“It was a beautiful, breezy, yellow-and-green afternoon. . . . ” This is how Abby Whitshank always describes the day she fell in love with Red in July 1959. The Whitshanks are one of those families that radiate an indefinable kind of specialness, but like all families, their stories reveal only part of the picture: Abby and Red and their four grown children have accumulated not only tender moments, laughter, and celebrations, but also jealousies, disappointments, and carefully guarded secrets. From Red’s parents, newly arrived in Baltimore in the 1920s, to the grandchildren carrying the Whitshank legacy boisterously into the twenty-first century, here are four generations of lives unfolding in and around the sprawling, lovingly worn house that has always been their anchor.

Praise for A Spool of Blue Thread

“An act of literary enchantment . . . [Anne] Tyler remains among the best chroniclers of family life this country has ever produced.”—The Washington Post

“Quintessential Anne Tyler, as well as quintessential American comedy . . . [She] has a knack for turning sitcom situations into something far deeper and more moving.”—The New York Times Book Review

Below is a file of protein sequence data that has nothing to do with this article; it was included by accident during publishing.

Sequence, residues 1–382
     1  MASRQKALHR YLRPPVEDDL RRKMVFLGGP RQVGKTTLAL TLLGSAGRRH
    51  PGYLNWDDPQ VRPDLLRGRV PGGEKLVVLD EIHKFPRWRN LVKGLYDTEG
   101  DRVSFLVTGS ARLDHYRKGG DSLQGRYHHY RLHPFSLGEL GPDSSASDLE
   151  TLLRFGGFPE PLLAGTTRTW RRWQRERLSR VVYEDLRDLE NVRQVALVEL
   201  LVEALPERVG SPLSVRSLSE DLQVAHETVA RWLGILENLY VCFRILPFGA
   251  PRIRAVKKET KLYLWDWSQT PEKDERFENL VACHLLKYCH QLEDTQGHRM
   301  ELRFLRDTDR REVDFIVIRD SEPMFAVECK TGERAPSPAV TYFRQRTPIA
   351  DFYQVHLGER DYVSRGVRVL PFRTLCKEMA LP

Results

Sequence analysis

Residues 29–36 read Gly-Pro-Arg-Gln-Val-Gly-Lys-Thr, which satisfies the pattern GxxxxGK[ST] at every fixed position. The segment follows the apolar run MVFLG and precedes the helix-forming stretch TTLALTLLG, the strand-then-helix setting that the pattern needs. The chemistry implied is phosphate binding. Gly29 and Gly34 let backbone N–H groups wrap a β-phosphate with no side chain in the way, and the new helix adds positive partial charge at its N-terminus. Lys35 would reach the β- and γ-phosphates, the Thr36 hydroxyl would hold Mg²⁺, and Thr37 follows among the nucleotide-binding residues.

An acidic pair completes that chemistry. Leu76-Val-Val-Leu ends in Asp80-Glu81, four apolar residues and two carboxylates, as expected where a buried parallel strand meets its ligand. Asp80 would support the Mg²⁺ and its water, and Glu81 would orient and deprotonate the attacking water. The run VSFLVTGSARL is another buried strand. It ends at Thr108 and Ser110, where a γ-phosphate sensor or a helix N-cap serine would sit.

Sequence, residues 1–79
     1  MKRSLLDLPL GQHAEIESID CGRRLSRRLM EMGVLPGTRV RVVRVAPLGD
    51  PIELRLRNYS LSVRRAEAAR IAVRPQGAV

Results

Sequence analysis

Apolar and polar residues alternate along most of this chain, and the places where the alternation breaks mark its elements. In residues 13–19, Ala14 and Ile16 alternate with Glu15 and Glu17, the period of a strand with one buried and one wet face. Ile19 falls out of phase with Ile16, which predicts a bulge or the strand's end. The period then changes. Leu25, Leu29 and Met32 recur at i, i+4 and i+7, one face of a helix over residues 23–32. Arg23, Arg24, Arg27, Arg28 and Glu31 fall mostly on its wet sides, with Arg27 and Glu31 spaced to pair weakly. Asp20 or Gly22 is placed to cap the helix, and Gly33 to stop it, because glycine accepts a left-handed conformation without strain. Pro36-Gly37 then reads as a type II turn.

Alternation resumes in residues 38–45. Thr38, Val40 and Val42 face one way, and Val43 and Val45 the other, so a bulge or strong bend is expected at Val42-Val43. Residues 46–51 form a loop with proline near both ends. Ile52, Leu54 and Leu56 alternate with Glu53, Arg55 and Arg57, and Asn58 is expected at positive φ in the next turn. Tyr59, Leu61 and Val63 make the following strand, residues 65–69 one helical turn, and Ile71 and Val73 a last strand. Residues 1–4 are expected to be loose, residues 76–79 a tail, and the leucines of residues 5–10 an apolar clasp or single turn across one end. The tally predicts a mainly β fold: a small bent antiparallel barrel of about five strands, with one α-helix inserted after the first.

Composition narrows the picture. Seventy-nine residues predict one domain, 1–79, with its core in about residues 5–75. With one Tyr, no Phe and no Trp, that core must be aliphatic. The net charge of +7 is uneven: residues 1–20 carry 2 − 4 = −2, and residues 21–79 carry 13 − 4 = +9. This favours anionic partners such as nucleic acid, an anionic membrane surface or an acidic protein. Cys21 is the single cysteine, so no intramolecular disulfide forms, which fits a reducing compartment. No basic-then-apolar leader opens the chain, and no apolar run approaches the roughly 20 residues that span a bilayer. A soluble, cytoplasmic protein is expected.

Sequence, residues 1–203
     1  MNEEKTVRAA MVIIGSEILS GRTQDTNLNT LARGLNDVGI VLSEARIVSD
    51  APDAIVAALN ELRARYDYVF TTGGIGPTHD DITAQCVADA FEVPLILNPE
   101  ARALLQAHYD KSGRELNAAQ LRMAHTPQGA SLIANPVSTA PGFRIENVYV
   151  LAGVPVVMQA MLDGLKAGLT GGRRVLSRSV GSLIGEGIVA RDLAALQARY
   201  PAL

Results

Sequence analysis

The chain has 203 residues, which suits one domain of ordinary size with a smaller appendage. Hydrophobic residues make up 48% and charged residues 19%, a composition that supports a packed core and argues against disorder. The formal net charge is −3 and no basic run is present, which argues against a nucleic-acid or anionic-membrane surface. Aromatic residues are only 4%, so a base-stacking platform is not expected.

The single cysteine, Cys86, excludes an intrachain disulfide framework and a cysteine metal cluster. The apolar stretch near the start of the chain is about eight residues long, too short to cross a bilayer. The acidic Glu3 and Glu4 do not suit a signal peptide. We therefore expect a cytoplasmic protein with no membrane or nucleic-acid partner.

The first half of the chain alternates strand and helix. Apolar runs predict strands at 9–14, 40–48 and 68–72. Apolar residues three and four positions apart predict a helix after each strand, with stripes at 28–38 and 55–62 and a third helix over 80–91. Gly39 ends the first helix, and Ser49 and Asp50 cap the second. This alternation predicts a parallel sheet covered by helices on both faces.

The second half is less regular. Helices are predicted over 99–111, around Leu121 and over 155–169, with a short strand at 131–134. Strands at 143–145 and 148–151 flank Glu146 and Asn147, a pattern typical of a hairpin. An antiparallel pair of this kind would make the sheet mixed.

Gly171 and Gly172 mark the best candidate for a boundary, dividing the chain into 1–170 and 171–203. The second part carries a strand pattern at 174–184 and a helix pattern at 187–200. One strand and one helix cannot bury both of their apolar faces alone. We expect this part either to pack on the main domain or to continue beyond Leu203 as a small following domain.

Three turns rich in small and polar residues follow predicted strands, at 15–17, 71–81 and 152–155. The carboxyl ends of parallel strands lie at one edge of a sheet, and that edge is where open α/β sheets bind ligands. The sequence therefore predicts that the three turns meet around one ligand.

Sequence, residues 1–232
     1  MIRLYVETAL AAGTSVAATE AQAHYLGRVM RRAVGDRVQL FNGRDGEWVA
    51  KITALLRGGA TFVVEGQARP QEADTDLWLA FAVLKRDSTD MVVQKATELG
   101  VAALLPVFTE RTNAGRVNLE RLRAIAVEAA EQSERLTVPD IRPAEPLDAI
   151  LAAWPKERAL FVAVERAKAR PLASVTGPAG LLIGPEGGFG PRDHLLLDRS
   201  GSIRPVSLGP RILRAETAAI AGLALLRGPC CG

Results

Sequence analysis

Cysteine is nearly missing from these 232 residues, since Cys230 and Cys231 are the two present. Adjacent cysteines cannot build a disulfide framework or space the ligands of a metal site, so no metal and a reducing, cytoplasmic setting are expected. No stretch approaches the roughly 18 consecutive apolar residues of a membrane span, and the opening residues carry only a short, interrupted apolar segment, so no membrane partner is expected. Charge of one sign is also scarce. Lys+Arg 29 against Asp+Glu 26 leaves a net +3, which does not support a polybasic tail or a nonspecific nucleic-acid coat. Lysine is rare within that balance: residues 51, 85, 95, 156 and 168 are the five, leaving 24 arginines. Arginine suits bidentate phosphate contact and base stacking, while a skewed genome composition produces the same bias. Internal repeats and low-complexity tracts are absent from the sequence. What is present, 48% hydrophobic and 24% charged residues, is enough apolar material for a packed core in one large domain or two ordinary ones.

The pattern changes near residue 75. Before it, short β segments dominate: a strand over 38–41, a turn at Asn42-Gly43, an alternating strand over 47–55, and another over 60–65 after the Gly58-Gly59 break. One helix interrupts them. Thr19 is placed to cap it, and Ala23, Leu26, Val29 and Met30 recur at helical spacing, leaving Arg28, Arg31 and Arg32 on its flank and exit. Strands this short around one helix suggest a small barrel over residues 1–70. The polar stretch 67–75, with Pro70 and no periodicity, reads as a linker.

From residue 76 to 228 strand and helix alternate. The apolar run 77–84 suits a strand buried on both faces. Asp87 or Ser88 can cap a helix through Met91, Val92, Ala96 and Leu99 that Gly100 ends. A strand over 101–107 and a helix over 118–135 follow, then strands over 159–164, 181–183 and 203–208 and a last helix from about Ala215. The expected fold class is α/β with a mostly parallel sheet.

“By my count I’ve now reviewed around fifty books for USA Today. I’ve never given any of them four stars until today: to A Spool of Blue Thread, the masterful twentieth novel by Anne Tyler.”—USA Today

“By the end of this deeply beguiling novel, we come to know a reality entirely different from the one at the start.”—O: The Oprah Magazine

“Well-crafted, utterly absorbing and compelling . . . probably the best novel you will read all year.”—Chicago Tribune

“A miracle of sorts . . . tender, touching and funny . . . [an] understated masterpiece.”—Associated Press

“Exploring [the] dichotomy—the imperfections that reside within a polished exterior—is Tyler’s specialty, and her latest generation-spanning work accomplishes just that, masterfully and monumentally.”—Elle

“The story of any family is told through the prism of time. And no storyteller compares to Tyler when it comes to unspooling those tales.”—St. Louis Post-Dispatch

“Vintage Anne Tyler . . . [The Whitshanks are] rendered with such immediacy and texture that they might be our next-door neighbors.”—Los Angeles Times

“The magic of Tyler’s novels [is that] you imagine these characters carrying on, muddling through, enduring the necessary sorrows and quiet joys of their lives somewhere beyond the page.”—The Seattle Times